Fast, wet sailing and a tower of canvas. Elaine Bunting on the 1924 Fife schooner Adventuress
Crews got off to a blistering start today in the first day of fleet racing at Panerai Antigua Classics. With winds gusting up to 30 knots at times, a Atlantic swell curling off the bow waves of yachts like surf and the threat of a dark squall or two to raise the pulse rate, this was dream racing.
This year’s regatta may not have attracted the J Class, which had defected to the regatta at St Barths, but no matter. There are a record 57 yachts here enjoying a redistribution of the limelight, from some of the largest schooners to working boat style gaff cutters and a colourful fleet of Carriacou sloops. These breezy conditions gave crews a drenching and some fabulous fast sailing.
The fleet has its starlets. I was lucky enough to be invited to race on Adventuress, an 83ft gaff schooner from 1924 relaunched last year from Rockport Marine in Maine after a huge two-year refit. She was brought there by her current owner after he bought the boat in 2010.
The boat went to Rockport for a new deck, but when the planks came off it was clear that there were deeper structural problems and most the deck frames needed to be replaced. Then the ironwork, and bit by bit as the bones of the yacht were uncovered the project spiralled until it was on such a scale it is comparable with a new build.
Adventuress now sports a new rig, deck and deck frames, 60 per cent of new planking is new, almost every bronze deck fitting has been custom made, and the interior was completely refitted. The result is spectacular.
The joinery and detail on Adventuress is lavish and beautifully executed. Many of the ideas have been taken from other Fife yachts, as relatively little of the original yacht survived.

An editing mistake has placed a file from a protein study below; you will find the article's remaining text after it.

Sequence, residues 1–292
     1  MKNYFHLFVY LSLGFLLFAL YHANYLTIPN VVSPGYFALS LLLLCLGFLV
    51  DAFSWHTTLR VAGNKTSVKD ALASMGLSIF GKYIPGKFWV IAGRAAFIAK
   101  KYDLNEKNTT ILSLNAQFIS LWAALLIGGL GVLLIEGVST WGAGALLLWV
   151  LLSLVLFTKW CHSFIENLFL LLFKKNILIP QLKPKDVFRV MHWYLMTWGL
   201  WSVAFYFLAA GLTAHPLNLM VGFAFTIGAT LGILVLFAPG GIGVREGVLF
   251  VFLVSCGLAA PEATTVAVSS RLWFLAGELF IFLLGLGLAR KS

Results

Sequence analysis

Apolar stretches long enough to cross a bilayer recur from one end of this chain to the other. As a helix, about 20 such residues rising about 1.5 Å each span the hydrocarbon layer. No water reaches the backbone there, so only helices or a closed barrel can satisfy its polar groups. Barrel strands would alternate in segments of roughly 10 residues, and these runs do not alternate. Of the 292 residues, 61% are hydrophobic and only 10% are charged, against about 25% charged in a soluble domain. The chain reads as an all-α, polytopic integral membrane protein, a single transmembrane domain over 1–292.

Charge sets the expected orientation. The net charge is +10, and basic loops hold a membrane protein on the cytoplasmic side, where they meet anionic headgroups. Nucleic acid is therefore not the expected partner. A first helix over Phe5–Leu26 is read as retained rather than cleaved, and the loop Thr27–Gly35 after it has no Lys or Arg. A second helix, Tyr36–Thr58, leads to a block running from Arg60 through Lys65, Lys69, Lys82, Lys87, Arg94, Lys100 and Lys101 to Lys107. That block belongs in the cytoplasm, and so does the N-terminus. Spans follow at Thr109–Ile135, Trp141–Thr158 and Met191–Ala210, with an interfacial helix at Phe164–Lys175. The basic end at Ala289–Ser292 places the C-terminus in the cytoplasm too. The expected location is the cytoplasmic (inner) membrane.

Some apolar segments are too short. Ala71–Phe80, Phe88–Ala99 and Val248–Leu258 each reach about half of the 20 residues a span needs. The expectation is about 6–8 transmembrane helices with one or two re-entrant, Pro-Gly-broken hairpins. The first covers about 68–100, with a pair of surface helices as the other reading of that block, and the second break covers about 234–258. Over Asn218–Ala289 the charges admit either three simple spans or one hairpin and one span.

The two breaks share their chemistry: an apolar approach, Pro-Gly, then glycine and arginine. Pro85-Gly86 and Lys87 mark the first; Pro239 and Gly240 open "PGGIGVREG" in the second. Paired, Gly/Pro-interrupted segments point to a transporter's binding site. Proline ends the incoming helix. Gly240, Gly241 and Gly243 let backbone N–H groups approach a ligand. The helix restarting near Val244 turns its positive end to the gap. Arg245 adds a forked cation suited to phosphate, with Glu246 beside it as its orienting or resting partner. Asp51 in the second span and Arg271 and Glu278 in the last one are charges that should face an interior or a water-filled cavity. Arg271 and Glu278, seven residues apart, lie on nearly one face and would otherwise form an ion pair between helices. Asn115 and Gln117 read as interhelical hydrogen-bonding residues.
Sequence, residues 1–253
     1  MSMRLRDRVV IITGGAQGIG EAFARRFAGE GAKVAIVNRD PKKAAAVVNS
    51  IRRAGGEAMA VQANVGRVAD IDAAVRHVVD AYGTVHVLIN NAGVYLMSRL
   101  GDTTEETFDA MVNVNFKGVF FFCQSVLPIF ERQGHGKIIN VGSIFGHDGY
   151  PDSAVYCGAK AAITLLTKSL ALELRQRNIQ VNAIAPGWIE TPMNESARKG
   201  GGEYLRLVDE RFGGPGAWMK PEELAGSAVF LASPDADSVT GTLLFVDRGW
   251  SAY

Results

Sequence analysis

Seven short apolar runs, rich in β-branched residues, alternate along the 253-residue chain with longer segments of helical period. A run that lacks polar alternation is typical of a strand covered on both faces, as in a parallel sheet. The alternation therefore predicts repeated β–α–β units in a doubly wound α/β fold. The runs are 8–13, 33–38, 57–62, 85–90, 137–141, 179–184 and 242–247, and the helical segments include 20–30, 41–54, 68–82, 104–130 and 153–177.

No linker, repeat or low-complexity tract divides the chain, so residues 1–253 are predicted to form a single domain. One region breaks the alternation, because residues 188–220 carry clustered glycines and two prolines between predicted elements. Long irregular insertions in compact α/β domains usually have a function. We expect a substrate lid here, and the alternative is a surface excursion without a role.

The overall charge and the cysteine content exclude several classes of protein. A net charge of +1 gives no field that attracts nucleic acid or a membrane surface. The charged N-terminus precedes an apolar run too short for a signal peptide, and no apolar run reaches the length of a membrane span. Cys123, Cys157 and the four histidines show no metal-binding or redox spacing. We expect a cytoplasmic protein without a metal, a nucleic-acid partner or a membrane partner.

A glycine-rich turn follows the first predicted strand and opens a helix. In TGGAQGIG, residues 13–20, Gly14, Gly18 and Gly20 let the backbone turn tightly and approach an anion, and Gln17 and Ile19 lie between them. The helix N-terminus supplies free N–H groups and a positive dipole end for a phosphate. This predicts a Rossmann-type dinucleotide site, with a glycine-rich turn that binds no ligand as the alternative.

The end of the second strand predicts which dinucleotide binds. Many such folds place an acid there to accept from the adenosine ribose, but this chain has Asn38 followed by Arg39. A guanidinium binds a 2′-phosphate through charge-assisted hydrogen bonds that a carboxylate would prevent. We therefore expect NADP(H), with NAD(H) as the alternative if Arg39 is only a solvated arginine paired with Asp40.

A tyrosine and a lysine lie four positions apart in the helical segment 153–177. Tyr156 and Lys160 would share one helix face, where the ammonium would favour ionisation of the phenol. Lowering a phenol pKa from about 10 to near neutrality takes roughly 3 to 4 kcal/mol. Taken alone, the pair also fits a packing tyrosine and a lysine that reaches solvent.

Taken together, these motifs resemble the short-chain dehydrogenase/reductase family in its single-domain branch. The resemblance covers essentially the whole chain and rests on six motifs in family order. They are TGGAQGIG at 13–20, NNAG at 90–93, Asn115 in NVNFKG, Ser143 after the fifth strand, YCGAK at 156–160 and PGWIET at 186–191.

She cruises offshore with a crew of eight, but we raced today with over 20 people and there were times when all hands were at work as we flew down the reaching and downwind legs under main and jackyard topsail, fore main and topsail, staysail, jib and jib top. The fisherman was brought out, shaken out hopefully from its bag but in the end Kenny Coombs, the yacht’s sailing master (and longtime organiser of Antigua Classics) decided that it would be too much.
Adventuress can certainly carry her tower of canvas, though at times she heeled hard and sluiced the leeward scupper while slipping graciously to leeward. Even when not pressed this is a wet boat, fore and aft. With a deliciously low sheerline aft and dainty counter the quarter wave regularly rides up to lap over the capping rail.
It’s a fabulous sight to be so close to the water in such a large and powerful boat, the very opposite of most high-sided modern boats. I’m told that offshore the cockpit is regularly filled. You really do feel the might of wind and water.
Despite a few snags with the fore main topsail, which had been newly delivered from the sailmaker with the tack pendant spliced on to the head and went aloft the wrong way up, we managed to get a gun at the finish of the schooner class and win it on handicap. It’s the first occasion in modern years that Adventuress has been able to line up against comparable yachts, so it’s an encouraging start for the owner and the skipper, Alistair Doyne-Ditmas.
And that comes after being crowned overall winner yesterday of the Concours d’Elégance.
More on the regatta in the next days, plus a full report in our July issue. But in the meantime, to give you a taster of this beautiful yacht, here’s a little video I shot on board yesterday – a tour of the boat down below. Luscious. Do take a peek.